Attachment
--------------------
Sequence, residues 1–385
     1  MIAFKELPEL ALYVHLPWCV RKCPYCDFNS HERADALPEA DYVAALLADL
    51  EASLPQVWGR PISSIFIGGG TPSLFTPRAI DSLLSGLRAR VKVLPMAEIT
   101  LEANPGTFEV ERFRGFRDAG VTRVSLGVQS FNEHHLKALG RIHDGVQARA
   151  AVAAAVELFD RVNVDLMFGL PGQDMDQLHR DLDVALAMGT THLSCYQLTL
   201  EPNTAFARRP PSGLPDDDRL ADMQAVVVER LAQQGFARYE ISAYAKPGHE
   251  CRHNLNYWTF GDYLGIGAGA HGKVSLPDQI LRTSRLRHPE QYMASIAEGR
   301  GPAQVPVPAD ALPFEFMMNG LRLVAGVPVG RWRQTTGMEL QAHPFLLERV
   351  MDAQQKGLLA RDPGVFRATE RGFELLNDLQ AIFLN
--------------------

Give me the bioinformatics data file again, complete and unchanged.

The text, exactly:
Sequence, residues 1–385
     1  MIAFKELPEL ALYVHLPWCV RKCPYCDFNS HERADALPEA DYVAALLADL
    51  EASLPQVWGR PISSIFIGGG TPSLFTPRAI DSLLSGLRAR VKVLPMAEIT
   101  LEANPGTFEV ERFRGFRDAG VTRVSLGVQS FNEHHLKALG RIHDGVQARA
   151  AVAAAVELFD RVNVDLMFGL PGQDMDQLHR DLDVALAMGT THLSCYQLTL
   201  EPNTAFARRP PSGLPDDDRL ADMQAVVVER LAQQGFARYE ISAYAKPGHE
   251  CRHNLNYWTF GDYLGIGAGA HGKVSLPDQI LRTSRLRHPE QYMASIAEGR
   301  GPAQVPVPAD ALPFEFMMNG LRLVAGVPVG RWRQTTGMEL QAHPFLLERV
   351  MDAQQKGLLA RDPGVFRATE RGFELLNDLQ AIFLN